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Police killings of black people: the legacy of lynching writ large | COMMENTARY

Demonstrators walk through Fells Point in protest of the killing of George Floyd in Minnesota.
Demonstrators walk through Fells Point in protest of the killing of George Floyd in Minnesota. (Kevin Richardson / Baltimore Sun)

As if any further proof were needed, the recent killings of Ahmaud Arbery, Breonna Taylor and George Floyd reveal the thinly veiled truth about how little black lives are valued in this country. That all three killings involved current or former law enforcement officers is revealing.

The license that is taken, the tolerance that is assumed by the perpetrators in these (and too many other) incidents is an inheritance. It is the legacy of lynching writ large: horrifying, traumatizing, breathtaking — and present.

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One is tempted to think of these crimes as vestiges of the centuries-long campaign of racial terror that was waged against black Americans. But the term “vestige” implies something that is outdated, a relic, something from the past. These incidents remind us there is nothing outdated about racism. These murders are not outliers.

The Maryland Lynching Truth and Reconciliation Commission recently established this working definition for what constitutes a racial terror lynching: “the unlawful killing of an African American by white mob violence, often with the apparent complicity of state and local officials, intended to incite racial terror and subservience to white supremacy.”

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Using that standard, the Floyd murder was not LIKE a lynching, it IS a lynching. Only in this case the “white mob” happened to be police officers. The very people entrusted with the responsibility of protecting his life, took his life — in broad daylight and in public. This is terror, and it screams to be recognized as such.

The pathetic spectacle of a white woman calling police to falsely report that she and her dog were being threatened by an African American man in Central Park is another side of the same racist coin. The woman’s overt threat to the man, “I’m going to call the cops and tell them that an African American man is threatening me” (emphasis mine), invokes a timeless trope used to incite the lynchings of hundreds, if not thousands, of black men in this country. It’s an example of what New York Times columnist Charles Blow called “white women weaponizing racial anxiety, using their white femininity to activate systems of white terror against black men.”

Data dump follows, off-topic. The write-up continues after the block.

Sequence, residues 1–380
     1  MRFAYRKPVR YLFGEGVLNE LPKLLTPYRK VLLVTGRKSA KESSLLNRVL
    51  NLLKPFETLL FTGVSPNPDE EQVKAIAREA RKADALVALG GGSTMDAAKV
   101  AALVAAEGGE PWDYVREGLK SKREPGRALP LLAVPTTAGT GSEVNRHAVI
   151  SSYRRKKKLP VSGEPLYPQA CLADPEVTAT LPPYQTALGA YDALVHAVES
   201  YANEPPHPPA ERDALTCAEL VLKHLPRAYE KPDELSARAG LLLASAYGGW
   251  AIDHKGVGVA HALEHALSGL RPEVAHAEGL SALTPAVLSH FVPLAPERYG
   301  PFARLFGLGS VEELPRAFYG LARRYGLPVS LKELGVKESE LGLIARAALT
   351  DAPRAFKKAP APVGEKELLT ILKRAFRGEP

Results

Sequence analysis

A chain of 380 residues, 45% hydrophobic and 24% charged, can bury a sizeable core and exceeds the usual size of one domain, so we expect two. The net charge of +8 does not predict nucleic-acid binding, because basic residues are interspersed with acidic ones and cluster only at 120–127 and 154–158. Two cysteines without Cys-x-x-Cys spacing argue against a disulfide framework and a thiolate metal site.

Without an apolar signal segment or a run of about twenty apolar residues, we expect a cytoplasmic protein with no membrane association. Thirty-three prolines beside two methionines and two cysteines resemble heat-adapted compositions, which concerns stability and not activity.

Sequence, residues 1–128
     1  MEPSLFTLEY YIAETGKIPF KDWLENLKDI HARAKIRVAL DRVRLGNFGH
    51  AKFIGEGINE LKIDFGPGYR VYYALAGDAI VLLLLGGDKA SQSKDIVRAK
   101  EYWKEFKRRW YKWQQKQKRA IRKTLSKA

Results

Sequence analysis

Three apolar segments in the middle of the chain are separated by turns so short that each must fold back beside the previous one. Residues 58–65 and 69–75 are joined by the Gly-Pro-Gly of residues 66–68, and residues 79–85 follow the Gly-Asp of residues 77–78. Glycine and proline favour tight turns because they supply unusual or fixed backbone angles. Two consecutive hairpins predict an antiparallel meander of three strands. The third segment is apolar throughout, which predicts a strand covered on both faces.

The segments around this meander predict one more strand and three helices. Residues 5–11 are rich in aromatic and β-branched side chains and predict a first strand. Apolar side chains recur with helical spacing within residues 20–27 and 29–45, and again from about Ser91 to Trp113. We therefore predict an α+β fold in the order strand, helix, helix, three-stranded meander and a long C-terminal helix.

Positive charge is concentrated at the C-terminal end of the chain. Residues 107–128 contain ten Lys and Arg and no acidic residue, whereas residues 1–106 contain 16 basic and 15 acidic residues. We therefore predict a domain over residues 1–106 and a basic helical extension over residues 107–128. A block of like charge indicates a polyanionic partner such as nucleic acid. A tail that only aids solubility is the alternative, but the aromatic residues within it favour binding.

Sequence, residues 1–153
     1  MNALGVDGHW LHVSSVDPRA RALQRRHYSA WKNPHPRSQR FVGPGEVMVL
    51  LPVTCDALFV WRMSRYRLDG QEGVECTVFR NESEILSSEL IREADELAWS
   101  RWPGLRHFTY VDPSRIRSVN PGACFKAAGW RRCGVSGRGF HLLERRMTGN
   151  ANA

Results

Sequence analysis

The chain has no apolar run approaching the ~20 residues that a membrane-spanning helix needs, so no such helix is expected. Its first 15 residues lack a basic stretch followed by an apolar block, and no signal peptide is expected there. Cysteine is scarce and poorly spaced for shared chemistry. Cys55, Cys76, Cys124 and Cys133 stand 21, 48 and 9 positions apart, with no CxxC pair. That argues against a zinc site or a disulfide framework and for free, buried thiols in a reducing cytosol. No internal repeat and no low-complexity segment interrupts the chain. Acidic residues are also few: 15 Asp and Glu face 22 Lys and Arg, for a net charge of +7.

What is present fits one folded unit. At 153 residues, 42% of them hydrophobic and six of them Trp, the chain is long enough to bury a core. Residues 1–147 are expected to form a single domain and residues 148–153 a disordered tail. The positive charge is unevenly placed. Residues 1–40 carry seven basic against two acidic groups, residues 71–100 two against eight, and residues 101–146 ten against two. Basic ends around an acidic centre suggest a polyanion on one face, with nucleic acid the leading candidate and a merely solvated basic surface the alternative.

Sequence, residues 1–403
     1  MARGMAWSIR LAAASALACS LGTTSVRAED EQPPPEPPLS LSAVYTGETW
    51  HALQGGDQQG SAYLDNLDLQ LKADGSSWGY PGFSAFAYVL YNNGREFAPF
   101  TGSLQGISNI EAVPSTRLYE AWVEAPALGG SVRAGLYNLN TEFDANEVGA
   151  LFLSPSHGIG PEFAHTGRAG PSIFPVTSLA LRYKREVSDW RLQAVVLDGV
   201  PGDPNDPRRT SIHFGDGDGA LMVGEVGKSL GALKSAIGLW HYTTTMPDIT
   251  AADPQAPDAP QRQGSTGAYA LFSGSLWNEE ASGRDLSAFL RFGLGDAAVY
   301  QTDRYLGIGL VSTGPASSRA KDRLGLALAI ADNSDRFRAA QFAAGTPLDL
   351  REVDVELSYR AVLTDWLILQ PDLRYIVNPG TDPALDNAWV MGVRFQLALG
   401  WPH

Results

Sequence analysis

It is a phenomenon all too familiar in Maryland. In 1885, a white mob dragged a 15-year old boy from the old Baltimore County jail in Towson and lynched him to short-circuit a planned appeal to the Supreme Court. One member of the lynch mob explained to The Sun, “Every man was actuated by the thought that … he was protecting his own wife, sweetheart or children.”

So the fuse that the Central Park dog walker threatened to light is short but centuries old. The reservoir of hysteria the dog walker drew from, “an African American man is threatening me” could have led to far more tragic consequences. The accused man was guilty only of birding while black.

It’s hard not to see some irony in the Central Park episode. In 1989, real estate developer Donald Trump embellished his reputation by taking out full-page ads in New York newspapers calling for the death penalty to be imposed in the case of the so-called Central Park Five. Never mind that the teenagers hadn’t yet even been tried.

Even after DNA evidence totally exonerated the young men and their convictions were vacated, the now President Donald Trump refused to accept their innocence or apologize. Is it surprising then, that in 2017, the first year of the Trump presidency, hate crimes in the U.S. increased by 17% compared to the previous year (as reported by the FBI Universal Crime report)? Perhaps more telling is a 2019 analysis by The Washington Post that revealed that counties where Trump held rallies in 2016 saw hate crimes increase by 226% in the following year.

The flagrant disregard for black lives is a tragic, but undeniable, symptom of the pervasive racism that poisons our institutions, weakens our community and demeans civility itself. Is this not terror? Before you answer, try to imagine what our black children must be thinking when they go to bed tonight.

We take as an article of faith that “truth and reconciliation are sequential”; that is, we need to acknowledge the truth before racial reconciliation is even possible. The mission of the Maryland Lynching Memorial Project is to encourage Marylanders to acknowledge the truth about the history of racial terror in our state. At the same time, we must also acknowledge the truth that racial terror is not just historical.

Will Schwarz (wschwarz@mdlynchingmemorial.org) is president of the Maryland Lynching Memorial Project.

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